What matters about a CEO blog

Is blogging good value for the C-suite? asks Urs E. Gattiker writing in the Financial Times yesterday.

It’s a good article that explores some important points about planning an executive blog, being clear about why you’d want to do one, considering what ROI there might be, and whether blogging offers good value for the CEO.

One point that Gattiker makes leaps out of the FT piece:

[…] The only thing that really matters about the CEO blog is the content and if it meets the target audience’s needs.

I agree that, broadly speaking, a blog is all about content. Yet there’s something that I think is at least as crucial, a matter that goes to the heart of any relationship a C-suite exec wishes to develop through his or her blogging activity.

Authenticity and trust.

Yes, the content itself is key, but only if it’s clear who writes that content. If a blog post has the name of the author, you’d better be sure it actually is written by the person named, not ghosted by someone else and that fact not disclosed.

Why is that important? Think about it – you as a CEO or other executive write a blog, others read your content, perhaps leave comments or write their own posts linking to yours, and so a connection develops that over time may lead to an actual relationship.

People will connect to you because it’s you they’re connecting to. It’s your commentary and opinion they read and form their own opinions about.

Imagine how the deck of cards will come tumbling down if it turns out that your commentary and opinion isn’t actually you at all but someone who writes and publishes in your name.

For instance, what would you think if you found out that the blog posts by a CEO or other C-suite executive who you have been reading for a while have actually been written by someone else? Bob Lutz at GM, for example? According to Shel Israel, that’s been happening. As noted by Shel Israel in a comment to this post, Bob Lutz admits as much in a Fast Company video interview with Shel. What a disappointment!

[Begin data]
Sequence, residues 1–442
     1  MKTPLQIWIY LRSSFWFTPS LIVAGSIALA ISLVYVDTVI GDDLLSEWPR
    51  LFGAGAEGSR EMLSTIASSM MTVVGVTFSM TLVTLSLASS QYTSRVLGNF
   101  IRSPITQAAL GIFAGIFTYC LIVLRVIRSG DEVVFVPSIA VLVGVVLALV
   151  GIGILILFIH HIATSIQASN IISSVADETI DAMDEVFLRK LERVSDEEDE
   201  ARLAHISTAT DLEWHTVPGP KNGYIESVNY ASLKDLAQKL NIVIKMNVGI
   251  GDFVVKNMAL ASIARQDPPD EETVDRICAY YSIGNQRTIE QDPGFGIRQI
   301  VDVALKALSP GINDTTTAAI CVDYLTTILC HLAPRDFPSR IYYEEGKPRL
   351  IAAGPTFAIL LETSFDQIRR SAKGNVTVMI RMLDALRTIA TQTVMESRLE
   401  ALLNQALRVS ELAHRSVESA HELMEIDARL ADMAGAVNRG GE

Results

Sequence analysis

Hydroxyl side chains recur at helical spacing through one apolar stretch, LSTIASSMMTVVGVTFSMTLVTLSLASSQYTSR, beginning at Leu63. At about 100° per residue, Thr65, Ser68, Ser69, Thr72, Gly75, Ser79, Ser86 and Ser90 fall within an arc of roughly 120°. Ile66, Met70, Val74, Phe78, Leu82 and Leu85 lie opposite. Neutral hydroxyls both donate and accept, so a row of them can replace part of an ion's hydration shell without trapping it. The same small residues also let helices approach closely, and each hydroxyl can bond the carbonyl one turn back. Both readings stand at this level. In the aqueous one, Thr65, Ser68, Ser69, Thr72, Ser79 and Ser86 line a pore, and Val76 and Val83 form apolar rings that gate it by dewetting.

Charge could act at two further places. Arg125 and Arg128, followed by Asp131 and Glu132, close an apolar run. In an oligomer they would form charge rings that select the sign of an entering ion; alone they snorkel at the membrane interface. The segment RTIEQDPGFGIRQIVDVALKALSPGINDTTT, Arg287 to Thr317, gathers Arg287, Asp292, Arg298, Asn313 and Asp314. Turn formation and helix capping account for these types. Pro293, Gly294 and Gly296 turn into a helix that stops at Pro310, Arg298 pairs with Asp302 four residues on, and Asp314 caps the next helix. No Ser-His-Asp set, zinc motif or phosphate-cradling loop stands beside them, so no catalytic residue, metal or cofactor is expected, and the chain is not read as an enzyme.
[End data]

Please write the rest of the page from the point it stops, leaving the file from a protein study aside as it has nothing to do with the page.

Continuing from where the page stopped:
If you do succumb to the temptation of ghost writing – as suggested in Scott Adams’ perceptive Dilbert cartoon, above, which first appeared early last year – disclose that fact.

Otherwise great content matters little if the reader feels duped about who actually wrote that content.

Yet if you go that route, what’s the point in having a blog at all under the name of the C-suite exec?

Not everyone agrees with my views about ghost writing blogs, about which I’ve written over the past few years. Indeed, people like Sallie Goetsch make compelling arguments for the value of ghost writing.

But I’m firm with my recommendation: don’t blog if you can’t write the posts yourself.

PRs and other communicators do have a role in C-suite blogging. That role is about communication not about blogging, and definitely not about ghost writing a blog.

What matters are authenticity and trust. Then comes content.

Neville Hobson